Some Notes on the Machines Entered
The Westland 6-Seater Limousine 450 h.p. Napier “Lion"
Generally speaking, the machine entered by the Westland Aircraft Works of Yeovil is similar to that firm's well-known standard four-seater Limousine. It is, however, a considerably larger machine, and seats five passengers instead of the three of the standard machine. Also the power plant is a 450 h.p. Napier "Lion" in place of the Rolls-Royce and Hispano engines fitted in the smaller model. In general arrangement, however, the Competition machine follows the well-known Westland. That is to say, the cabin is between the planes, and the pilot is seated to the left of and slightly above the aft passenger. This arrangement impresses one as quite a good solution, giving the pilot a good enough view without placing him so far back as to upset his "feel" of the machine.
The engine is the 450 h.p. Napier "Lion," which has already a reputation for reliability and smooth running. The engine mounting is of tubular construction, cross-braced with steel cables and extremely rigid, and the whole engine unit is separated from the machine by a fireproof bulkhead of asbestos covered with aluminium sheet. This is a point well worthy of notice, and throughout the design and construction every care has been taken to avoid any possibility of fire.
As a further protection the petrol tanks are carried under the wings. This the designers consider better than using any form of fireproof tank in the fuselage, and it also has the additional advantage of being readily accessible. Each tank carries 44 gallons while a small gravity tank in the top plane holds a further 9 gallons. This is approximately sufficient for 4 1/2 hours' flight. The petrol is fed by means of wind-driven pumps from the main tanks up to the gravity tank. The excess from this tank is returned to whichever tank is being used. A flow meter shows whether the system is working correctly. Each tank is fitted with a petrol gauge which can be read from the pilot's seat.
The question of accessibility and ease of replacement is one which has been carefully studied throughout the machine. The tanks are very accessible for filling.
The undercarriage is worthy of special notice. It is very strongly constructed, at the same time having great shock-absorbing power. The two rear wheels are fitted with band brakes operated by a lever in the pilot's seat. These brakes greatly reduce the length of run necessary after landing. There is no danger of putting the machine on its nose as the leading wheels prevent any possibility of this.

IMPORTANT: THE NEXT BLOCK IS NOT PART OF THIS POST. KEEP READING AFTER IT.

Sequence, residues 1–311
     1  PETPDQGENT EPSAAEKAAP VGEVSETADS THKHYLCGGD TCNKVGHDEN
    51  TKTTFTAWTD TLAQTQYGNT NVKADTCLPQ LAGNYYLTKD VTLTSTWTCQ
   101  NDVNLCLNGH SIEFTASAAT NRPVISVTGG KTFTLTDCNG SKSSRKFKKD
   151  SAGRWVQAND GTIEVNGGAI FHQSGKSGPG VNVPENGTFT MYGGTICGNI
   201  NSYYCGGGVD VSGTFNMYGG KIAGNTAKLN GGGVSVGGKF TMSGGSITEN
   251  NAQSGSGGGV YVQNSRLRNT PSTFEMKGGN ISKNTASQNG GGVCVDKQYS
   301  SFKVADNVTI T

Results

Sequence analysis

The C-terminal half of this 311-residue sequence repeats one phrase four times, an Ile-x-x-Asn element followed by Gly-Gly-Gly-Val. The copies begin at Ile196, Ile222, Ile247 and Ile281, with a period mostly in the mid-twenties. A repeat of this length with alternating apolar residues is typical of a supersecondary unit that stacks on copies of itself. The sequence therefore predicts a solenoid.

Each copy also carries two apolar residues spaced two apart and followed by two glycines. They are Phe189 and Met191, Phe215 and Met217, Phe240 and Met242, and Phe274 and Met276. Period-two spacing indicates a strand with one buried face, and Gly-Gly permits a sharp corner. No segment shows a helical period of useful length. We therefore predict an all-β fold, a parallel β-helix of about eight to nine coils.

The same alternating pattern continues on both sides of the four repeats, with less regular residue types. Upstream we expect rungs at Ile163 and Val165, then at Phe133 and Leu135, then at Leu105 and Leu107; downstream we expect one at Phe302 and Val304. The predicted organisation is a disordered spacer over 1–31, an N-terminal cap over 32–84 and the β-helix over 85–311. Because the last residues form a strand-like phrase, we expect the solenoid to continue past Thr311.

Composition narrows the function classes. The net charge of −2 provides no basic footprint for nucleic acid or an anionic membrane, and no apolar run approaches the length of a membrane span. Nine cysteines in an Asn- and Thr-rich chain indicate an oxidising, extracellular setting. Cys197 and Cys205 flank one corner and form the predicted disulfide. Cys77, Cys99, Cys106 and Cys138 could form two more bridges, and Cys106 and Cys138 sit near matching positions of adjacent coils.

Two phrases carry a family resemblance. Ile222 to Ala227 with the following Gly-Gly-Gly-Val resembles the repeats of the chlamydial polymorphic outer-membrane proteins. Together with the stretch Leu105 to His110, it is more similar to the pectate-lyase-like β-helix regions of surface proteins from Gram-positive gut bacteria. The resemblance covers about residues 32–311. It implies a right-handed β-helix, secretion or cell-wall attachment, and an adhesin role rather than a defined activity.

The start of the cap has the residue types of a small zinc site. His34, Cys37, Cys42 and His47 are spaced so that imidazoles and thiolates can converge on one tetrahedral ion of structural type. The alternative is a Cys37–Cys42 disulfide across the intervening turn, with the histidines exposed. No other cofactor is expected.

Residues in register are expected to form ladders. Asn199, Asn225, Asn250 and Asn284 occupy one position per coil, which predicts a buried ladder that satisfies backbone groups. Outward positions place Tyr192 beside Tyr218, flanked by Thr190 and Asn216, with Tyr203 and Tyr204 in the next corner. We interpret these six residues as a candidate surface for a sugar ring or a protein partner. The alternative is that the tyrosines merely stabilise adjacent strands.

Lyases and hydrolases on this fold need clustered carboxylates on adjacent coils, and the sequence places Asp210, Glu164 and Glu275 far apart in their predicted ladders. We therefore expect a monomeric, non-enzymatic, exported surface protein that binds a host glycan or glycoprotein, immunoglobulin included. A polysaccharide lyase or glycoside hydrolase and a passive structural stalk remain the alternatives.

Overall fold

The cabin is arranged for five passengers in addition to the pilot who is raised slightly above the level of the passengers so that his head projects above the cabin roof giving him a wide field of view, but at the same time he is in direct communication with his passengers. The instrument board is situated directly in front of the pilot. In addition to the usual instruments there is a starting gear by which he can put the engine in motion without leaving his seat.
The entrance to the cabin for both pilot and passengers is through a large door in the side, and it is as easy to get in and out of as a limousine car. Nine "Triplex" glass windows allow the passengers a splendid view, and ventilation is secured by a louvre which directs fresh air into a diffuser box in the cabin without draught. For heating in cold weather there is a heating box alongside the centre exhaust manifold which introduces hot fresh air into the diffuser box, and the temperature may be regulated at will by the passengers.
The upholstery is carried out in grey Bedford cord which, in addition to making it comfortable, effectually damps out the noise of the engine, and conversation can be carried on without difficulty. Passengers who have flown in the war type and converted war type machines will appreciate the comfort and absence from noises and smell.
If used for goods carrying, with the seats removed, over 1,000 lbs. weight can be easily carried. No ballast is needed in the machine whatever weight is carried from empty to full load, and the machine can be made to fly level at any speed by means of the tail trimming gear operated by the pilot. The touring speed of the machine is 100 to 105 m.p.h., and a maximum speed of 120 m.p.h. can be obtained.
THE WESTLAND LIMOUSINE: Three-quarter front view
The Westland Limousine, Mark 2, fitted with 300 h.p. Hispano-Suiza engine
THE WESTLAND LIMOUSINE: Similar to the first machine of this type, except for the radiator, the Westland was flown over from England, carrying all the paraphernalia required on the stand
The Rolls-Royce Falcon installed in a Westland limousine
THE WESTLAND LIMOUSINE: The main petrol tanks are mounted one on each side under the lower plane